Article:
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The Peanut Section

Peanut Detector Dogs

We’ve all seen dogs at the airport, sniffing luggage furiously for drugs. Sharon Perry, owner of the Southern Star Ranch in Florence, Texas, had been teaching pooches like that narcotics, arson and termite detection for years when she was approached by the mother of a peanut-allergic child in 2005 about the possibility of training a dog to detect the allergen. Perry decided that it was a challenge she was eager to take on, and Peanut Detector Dogs were born.

About half of the 50 to 60 dogs that Perry trains in a year are now for people with peanut or other allergies (including tree nut and egg), with 10 already in homes across the United States. “There are a lot of people who really need them,” she says.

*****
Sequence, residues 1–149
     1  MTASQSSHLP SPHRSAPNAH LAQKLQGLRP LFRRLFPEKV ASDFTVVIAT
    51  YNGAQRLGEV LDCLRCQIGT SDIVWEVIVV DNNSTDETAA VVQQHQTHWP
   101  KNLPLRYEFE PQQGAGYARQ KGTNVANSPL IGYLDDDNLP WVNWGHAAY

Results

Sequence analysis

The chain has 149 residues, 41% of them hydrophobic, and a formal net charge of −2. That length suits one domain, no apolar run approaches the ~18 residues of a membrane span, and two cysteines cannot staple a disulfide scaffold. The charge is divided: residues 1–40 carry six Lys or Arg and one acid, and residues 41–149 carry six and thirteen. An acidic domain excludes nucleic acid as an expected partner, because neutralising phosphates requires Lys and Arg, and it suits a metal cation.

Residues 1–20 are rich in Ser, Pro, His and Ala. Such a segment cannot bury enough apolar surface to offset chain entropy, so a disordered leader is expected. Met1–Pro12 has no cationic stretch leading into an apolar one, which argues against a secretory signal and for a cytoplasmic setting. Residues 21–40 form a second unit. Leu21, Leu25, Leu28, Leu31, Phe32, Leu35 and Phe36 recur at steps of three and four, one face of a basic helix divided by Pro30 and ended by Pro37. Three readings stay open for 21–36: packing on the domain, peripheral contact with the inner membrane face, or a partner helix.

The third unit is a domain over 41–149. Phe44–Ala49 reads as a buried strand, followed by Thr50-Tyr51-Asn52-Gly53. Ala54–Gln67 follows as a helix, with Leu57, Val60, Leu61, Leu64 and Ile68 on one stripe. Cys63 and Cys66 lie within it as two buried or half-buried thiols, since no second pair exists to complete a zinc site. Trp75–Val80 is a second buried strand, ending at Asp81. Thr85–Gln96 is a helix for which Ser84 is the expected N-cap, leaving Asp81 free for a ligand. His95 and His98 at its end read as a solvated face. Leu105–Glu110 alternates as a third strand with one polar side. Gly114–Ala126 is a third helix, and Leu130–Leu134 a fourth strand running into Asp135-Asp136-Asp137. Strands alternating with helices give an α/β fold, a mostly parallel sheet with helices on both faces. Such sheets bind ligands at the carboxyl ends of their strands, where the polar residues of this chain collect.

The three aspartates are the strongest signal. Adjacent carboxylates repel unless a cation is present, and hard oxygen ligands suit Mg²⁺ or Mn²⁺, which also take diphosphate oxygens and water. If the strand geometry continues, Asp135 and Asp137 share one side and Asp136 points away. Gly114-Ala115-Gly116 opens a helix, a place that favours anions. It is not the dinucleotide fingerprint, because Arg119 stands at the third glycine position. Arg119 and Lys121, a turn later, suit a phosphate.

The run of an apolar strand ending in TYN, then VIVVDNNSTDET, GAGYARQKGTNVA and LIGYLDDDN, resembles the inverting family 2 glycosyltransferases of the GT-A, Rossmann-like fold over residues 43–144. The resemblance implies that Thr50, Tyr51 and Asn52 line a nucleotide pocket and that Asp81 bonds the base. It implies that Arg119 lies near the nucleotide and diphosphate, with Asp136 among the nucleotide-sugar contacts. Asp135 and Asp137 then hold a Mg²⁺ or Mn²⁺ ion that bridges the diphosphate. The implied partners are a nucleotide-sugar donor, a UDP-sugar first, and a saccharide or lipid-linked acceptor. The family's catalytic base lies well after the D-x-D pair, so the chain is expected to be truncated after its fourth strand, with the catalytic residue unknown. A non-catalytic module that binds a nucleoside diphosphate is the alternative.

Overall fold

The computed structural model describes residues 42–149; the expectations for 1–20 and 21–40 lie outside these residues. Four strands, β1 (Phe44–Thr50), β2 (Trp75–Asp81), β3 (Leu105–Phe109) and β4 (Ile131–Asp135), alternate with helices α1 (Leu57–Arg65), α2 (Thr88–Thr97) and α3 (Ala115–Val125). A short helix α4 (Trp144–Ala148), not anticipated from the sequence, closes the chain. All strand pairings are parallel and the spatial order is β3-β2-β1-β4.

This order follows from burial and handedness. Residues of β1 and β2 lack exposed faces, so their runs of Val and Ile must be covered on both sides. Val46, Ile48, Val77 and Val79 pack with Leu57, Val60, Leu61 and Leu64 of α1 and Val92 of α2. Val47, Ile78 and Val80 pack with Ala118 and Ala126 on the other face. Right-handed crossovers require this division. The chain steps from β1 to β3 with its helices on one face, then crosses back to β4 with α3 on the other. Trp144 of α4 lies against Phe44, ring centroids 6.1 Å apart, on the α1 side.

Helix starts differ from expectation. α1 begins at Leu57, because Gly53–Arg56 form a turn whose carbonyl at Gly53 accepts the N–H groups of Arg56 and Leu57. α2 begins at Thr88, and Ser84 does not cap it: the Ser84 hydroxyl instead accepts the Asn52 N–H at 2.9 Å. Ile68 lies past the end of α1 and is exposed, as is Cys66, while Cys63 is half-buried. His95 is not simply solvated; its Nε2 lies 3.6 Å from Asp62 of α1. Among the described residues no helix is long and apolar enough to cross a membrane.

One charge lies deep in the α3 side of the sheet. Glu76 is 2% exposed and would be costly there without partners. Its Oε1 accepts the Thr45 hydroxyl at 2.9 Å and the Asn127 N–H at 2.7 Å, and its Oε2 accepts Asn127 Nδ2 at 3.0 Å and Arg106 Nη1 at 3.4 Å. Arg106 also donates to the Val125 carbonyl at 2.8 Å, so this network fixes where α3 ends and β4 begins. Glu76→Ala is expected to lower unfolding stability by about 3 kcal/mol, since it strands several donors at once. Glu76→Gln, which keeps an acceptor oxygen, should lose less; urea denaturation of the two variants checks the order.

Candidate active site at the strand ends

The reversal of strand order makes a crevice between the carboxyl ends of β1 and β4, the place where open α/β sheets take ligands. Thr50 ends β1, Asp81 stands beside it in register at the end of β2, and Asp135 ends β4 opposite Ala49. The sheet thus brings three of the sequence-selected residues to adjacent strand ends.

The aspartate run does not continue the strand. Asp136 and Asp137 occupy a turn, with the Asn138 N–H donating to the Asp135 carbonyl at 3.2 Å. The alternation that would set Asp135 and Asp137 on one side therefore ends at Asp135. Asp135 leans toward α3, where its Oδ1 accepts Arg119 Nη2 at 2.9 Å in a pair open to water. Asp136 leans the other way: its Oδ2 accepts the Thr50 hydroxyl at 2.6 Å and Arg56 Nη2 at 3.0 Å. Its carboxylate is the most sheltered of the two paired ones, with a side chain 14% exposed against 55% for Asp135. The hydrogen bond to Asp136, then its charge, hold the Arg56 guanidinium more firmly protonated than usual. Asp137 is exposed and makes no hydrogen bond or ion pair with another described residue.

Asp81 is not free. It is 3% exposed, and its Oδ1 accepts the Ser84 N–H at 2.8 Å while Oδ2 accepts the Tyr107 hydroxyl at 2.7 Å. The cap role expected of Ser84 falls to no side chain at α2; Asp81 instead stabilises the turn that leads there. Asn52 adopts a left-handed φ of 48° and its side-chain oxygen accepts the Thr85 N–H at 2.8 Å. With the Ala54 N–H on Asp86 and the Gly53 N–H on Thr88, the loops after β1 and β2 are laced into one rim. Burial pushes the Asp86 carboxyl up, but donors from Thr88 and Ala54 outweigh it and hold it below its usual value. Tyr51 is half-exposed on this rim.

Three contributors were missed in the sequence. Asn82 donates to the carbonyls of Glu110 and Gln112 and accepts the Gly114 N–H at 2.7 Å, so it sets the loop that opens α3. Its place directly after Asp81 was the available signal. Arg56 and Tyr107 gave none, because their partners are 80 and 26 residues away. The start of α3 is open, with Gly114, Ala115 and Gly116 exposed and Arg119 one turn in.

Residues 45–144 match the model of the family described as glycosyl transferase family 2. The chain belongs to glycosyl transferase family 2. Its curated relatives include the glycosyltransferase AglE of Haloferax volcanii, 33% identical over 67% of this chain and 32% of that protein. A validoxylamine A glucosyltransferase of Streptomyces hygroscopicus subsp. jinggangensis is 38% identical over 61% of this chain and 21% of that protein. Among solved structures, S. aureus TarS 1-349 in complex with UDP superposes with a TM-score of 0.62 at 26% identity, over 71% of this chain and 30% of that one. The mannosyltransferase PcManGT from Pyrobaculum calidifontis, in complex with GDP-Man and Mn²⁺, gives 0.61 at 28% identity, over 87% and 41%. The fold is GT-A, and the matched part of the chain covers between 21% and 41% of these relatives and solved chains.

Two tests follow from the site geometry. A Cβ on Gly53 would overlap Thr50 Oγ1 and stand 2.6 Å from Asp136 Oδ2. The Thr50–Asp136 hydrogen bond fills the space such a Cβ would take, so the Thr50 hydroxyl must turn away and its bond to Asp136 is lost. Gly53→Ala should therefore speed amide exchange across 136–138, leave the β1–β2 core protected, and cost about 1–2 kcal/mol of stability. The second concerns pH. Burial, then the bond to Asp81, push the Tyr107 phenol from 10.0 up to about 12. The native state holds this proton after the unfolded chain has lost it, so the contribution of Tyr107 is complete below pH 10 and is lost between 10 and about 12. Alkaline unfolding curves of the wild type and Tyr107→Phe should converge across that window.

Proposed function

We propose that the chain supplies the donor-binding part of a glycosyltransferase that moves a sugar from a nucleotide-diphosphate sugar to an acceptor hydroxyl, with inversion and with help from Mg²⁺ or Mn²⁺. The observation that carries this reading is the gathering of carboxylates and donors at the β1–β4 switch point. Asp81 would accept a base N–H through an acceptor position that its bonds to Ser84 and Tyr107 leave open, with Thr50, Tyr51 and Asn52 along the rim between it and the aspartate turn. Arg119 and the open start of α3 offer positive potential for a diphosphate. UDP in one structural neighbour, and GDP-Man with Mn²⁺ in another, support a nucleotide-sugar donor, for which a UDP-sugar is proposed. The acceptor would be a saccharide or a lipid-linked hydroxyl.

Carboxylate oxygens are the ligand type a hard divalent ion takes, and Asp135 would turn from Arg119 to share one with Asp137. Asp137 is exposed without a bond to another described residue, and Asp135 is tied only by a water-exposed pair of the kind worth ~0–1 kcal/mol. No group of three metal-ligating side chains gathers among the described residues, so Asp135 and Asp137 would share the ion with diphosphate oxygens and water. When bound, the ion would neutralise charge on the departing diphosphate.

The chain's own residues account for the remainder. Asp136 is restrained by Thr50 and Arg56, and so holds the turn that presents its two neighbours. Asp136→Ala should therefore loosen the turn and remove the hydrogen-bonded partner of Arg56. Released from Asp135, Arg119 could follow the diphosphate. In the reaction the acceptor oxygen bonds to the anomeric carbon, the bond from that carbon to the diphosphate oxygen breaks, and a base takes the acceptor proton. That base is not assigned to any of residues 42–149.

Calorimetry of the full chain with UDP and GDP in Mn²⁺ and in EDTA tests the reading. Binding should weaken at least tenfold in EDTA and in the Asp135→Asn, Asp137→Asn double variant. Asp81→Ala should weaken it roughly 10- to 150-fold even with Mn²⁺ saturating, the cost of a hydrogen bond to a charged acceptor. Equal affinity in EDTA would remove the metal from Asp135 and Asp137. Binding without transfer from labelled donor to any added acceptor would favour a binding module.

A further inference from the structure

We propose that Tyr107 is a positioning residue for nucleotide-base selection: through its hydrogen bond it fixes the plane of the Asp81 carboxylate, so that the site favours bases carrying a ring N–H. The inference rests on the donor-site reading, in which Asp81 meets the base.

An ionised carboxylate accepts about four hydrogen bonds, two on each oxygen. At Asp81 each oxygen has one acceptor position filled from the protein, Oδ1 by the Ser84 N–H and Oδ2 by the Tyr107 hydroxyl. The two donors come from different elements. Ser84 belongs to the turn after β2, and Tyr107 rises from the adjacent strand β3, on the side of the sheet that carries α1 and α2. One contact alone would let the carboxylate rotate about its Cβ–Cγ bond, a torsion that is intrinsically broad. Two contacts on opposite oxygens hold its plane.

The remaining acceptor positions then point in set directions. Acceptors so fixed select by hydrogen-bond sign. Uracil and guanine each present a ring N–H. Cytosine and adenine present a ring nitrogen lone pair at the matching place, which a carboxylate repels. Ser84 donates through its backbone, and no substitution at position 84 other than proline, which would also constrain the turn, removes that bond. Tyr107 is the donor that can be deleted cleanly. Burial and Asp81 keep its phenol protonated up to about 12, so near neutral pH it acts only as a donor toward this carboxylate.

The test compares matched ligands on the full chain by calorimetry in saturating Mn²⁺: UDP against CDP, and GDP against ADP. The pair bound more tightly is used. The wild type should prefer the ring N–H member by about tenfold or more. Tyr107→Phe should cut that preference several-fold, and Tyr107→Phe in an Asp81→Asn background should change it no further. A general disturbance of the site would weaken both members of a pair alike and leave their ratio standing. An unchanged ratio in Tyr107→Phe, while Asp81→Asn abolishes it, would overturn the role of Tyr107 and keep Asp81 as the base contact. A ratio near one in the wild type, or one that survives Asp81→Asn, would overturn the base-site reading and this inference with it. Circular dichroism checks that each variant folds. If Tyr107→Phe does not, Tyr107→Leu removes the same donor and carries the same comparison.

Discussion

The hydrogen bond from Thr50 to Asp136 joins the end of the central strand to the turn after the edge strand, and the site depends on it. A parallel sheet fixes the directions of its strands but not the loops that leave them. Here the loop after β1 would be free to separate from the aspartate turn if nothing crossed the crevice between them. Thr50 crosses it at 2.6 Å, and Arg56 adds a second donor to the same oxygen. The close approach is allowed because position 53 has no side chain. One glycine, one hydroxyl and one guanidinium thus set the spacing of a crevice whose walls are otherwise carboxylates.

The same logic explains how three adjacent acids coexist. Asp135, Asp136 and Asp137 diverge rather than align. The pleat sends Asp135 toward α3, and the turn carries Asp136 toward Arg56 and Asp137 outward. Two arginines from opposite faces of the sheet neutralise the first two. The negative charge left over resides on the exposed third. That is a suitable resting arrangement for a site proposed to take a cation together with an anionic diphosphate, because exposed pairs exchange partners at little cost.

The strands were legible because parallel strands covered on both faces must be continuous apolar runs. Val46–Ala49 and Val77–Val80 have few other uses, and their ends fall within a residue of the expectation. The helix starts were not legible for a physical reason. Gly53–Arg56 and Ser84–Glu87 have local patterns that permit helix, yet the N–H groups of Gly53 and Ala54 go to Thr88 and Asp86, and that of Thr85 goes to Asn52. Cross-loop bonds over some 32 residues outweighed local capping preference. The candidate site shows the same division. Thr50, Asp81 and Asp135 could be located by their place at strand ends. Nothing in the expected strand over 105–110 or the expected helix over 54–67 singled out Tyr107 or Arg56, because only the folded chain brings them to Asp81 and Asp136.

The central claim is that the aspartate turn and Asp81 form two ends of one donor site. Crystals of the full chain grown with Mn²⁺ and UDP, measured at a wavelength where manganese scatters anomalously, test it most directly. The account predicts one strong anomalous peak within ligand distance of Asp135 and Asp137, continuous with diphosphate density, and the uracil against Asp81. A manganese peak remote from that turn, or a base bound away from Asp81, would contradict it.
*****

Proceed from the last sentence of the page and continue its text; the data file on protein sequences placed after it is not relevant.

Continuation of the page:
The dogs are mainly young (1- to 2-year-old) rescues from shelters, and Perry looks for good working breeds, such as poodles and Labrador retrievers. Perry and a colleague, Leslie Staven,  spend six months preparing the dogs, then work with owners for two weeks on handling, commands and “reading” the dog’s responses, which include sitting firmly by the contaminated object and touching a container with the nose when given the “show me” command.

Karen Jones* of Tampa, Florida, attests to the dogs’ effectiveness. Billy, her 9-year-old son, has a peanut detector dog that accompanies him everywhere from Spanish class to Disney World.

Upon entering a classroom one day, Remy, the black lab, put her nose on top of a box of craft supplies, indicating peanut was present. “I said, ‘show me better,’” recounts Jones. “I swear, she took the lid off the box, took something out with her teeth, and shook it at me.”

The dogs don’t come cheap, at $9,995 US, which includes training, accommodation at the ranch during owner sessions, and follow-up. But for Jones, at least, knowing there’s a super-sensitive snout protecting Billy is priceless. “That dog has literally saved his life,” she says.

* name changed by request.
For more info, see: www.peanutdog.com

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